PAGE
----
Energy framework

Policy developments in the energy sector have been focused on greenhouse gas (GHG) mitigation measures. The following objectives relating to the energy production sector have been defined:

  • increase in the fuel efficiency power plants by modernisation of combustion systems,
  • increase in the share of natural gas in the energy balance, and
  • increase in the share renewable sources of energy in the energy balance.

The following objectives relating to the energy and heat consumption sector have been defined:

  • increase in the energy efficiency in municipal services and in industry,
  • modernisation of heating systems, and
  • the application of energy saving measures in the residential and industrial sectors.

Clean Development Mechanism (CDM)
Turkmenistan ratified the United Nations (UN) conventions relating to environmental protection and nature conservation, including the UN Framework Convention on Climate Change (UNFCCC) in 1995 and the Kyoto Protocol in 1998.

Strengthening the Policy Framework for Sustainable and Rational Use of Energy and Alternative/Renewable Sources of Energy (2010-2012)
The United Nations Development Programme (UNDP) will provide Turkmenistan with assistance to enhance its policy framework for energy-efficient practices and RE by engaging with all stakeholders in the energy sector and introducing international best practice, experience and standards. The key issues this project aims to address are the strengthening of Turkmenistan's capacity to introduce effective legislation on RE and supporting Turkmenistan in ensuring that such legislation is compatible with international standards.

Other programmes that address aspects of climate change, nature conservation and environmental protection are:

  • The national Basic Directions of Social and Economic Development of Turkmenistan for the Period until 2010 Program, and
  • The national Strategy of Economic, Political and Cultural Development of Turkmenistan for the Period until 2020, and
  • The National Environmental Action Plan (NEAP).
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Energy debates

The Law of Turkmenistan on Energy Saving is currently being drafted. This law covers all aspects of energy saving relating to both production and consumption and the governance framework for energy saving policies at the national level.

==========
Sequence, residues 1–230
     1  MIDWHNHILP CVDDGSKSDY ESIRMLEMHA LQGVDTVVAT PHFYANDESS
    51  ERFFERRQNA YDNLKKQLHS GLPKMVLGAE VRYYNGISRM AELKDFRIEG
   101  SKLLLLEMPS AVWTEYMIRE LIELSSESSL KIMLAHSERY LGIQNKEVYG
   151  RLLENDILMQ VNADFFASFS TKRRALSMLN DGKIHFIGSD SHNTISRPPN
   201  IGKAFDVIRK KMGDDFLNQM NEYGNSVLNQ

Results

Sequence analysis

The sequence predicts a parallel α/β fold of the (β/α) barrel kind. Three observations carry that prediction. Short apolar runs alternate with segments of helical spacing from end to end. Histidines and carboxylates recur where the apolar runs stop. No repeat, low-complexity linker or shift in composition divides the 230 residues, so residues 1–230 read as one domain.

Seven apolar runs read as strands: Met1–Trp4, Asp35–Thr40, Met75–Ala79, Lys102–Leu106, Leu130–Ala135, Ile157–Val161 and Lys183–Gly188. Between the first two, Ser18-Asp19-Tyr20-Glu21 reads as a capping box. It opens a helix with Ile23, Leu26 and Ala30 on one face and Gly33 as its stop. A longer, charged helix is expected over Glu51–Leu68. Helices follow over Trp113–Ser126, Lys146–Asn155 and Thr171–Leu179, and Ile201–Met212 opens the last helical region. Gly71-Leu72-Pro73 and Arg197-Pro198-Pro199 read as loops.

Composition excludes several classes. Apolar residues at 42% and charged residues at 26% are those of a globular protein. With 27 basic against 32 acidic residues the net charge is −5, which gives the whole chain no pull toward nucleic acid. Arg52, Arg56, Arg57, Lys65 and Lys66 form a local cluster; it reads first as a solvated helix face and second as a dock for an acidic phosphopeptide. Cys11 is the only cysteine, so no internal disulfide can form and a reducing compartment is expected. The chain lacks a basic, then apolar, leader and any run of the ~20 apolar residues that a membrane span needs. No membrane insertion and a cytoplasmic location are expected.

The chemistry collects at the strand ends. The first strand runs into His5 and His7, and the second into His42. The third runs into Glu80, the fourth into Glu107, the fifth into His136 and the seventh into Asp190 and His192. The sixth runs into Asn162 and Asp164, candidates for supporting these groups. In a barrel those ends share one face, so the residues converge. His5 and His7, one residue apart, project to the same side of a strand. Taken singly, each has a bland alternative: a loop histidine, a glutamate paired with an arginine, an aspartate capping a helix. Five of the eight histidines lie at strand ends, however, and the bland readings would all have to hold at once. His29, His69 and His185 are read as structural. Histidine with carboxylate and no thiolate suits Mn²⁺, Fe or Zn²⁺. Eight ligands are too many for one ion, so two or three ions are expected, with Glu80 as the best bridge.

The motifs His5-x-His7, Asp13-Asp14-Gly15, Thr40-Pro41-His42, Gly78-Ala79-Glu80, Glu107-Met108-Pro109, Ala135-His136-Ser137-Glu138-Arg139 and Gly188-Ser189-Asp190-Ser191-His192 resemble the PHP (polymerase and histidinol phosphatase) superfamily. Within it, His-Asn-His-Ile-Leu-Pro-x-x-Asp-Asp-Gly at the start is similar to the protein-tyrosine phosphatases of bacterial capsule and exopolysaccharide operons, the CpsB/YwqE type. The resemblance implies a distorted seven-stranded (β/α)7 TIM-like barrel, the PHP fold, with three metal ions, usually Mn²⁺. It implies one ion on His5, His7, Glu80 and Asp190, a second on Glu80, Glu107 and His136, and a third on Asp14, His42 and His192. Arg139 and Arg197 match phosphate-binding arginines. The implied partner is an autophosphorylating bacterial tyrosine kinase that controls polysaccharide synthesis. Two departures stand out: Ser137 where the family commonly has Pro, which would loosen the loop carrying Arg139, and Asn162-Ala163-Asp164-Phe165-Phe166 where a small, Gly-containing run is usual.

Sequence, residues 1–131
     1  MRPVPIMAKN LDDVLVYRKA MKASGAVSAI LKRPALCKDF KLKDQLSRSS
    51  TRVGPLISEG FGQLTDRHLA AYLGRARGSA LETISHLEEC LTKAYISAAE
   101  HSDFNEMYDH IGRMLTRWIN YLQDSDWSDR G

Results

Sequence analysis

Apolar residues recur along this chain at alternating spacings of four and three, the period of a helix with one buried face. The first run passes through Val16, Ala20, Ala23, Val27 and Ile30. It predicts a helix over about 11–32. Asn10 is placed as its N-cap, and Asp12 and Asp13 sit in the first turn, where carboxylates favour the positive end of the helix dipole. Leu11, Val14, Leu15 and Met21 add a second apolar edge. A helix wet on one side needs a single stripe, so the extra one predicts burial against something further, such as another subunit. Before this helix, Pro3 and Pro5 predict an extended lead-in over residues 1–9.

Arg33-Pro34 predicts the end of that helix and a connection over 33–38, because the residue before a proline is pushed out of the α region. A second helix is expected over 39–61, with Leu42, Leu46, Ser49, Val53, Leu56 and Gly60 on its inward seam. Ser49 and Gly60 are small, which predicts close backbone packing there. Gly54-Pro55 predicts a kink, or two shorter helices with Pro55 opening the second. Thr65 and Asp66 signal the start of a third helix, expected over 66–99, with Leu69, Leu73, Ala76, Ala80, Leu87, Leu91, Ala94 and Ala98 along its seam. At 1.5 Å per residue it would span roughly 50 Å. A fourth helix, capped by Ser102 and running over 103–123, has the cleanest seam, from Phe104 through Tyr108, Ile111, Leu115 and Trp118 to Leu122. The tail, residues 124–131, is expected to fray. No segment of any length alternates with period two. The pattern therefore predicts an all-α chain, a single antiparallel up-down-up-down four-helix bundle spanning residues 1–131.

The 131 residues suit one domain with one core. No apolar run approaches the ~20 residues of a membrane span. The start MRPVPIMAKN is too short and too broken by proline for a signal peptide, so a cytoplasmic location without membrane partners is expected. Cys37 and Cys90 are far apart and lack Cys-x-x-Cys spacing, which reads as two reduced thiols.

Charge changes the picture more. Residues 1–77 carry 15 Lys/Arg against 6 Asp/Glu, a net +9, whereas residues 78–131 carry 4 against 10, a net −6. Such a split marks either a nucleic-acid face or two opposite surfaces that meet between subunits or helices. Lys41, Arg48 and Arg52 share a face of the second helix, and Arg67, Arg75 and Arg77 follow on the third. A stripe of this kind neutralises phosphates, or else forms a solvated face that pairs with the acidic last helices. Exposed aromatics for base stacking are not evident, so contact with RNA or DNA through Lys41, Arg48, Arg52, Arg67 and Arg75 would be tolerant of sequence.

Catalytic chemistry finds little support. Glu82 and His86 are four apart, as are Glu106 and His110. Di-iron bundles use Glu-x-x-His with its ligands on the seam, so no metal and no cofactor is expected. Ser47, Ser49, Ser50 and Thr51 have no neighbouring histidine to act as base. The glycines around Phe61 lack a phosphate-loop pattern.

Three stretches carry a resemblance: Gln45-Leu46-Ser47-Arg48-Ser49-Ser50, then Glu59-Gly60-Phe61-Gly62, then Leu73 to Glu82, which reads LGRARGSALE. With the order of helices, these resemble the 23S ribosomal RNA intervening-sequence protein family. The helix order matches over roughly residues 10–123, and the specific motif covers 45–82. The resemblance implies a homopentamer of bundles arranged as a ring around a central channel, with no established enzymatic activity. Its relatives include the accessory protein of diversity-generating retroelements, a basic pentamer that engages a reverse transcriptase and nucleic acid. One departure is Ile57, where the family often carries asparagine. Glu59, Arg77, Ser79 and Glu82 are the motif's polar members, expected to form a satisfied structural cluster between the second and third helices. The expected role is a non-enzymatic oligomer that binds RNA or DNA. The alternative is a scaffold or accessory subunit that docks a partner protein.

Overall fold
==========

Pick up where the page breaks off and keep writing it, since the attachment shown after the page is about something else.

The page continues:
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Role of government

Ministry of Finance
The Ministry of Finance is responsible for all matters relating to tariffs.

Ministry of Energy and Industry
The Ministry of Energy and Industry is responsible for management of the country’s electricity sector, including management of Turkmenenergo.

State Agency for the Management and Use of Hydrocarbon Resources
This agency was established in 2007 to manage the country’s oil and gas sector. The Agency assumed all powers previously vested in the Ministry of Oil and Gas Industry and Mineral Resources such as the issuance of licences for exploration surveys. The Agency also negotiates agreements with contractors and sets rules for all companies operating in the country.

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Government agencies

Turkmenistan established a Designated National Authority (DNA) for the assessment of CDM projects at the Office of Climate Change within Ministry of Nature Protection. However, up until October 2009, no project had been registered.

There are only three domestic organisations known to be involved in the development of RE technology. The most notable is the Sun Scientific Production Association affiliated with the Supreme Council for Science and Technology under the President of Turkmenistan. This organisation carries out research relating to the use of RE sources and is responsible for virtually all experimental projects implemented in the country thus far, including:

  • wind power,
  • solar drying technology for farms,
  • integrated wind and solar power complexes for generating electricity and pumping water,
  • development of solar “photaic” bioreactors for breeding microscopic algae, and
  • solar furnaces for high-temperature studies.
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Energy procedure

There exists no specific policy or programme for the promotion of RE solutions. However, the Law on Energy Saving currently being drafted covers GHG emissions reduction measures and partly covers RE solutions.

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Energy regulator

There is no independent regulatory authority for the energy sector.

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Regulatory framework

The petroleum sector is regulated through the Petroleum Law of Turkmenistan of 1996. The law allows the issuance of operation licenses for registered foreign entities. The Law on Hydrocarbon Resources of 2008 spells out fiscal and customs policies, defines benefits to be enjoyed by national and foreign investors and companies and reinforces their ecologic accountability for exploration of hydrocarbon resources. The law allows foreign investors to buy property in Turkmenistan.

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Energy regulation role

The Ministry of Economy and Finance is responsible for general licensing issues.

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Regulatory barriers

Due to the absence of a specific programme for the promotion of RE, there exists no regulatory framework relating to RE.

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International Energy Agency (2008): Country Description – Turkmenistan. Available at: [Accessed 9th September 2013]

European Bank for Reconstruction and Development, 2009. Turkmenistan: Country Profile. Available at: [Accessed 9th September 2013]

Balliyev, K., Jorde, K. and Biegert, A. 2009. Country Chapter: Republic of Turkmenistan. Available at Available at: [Accessed 9th September 2013] Close References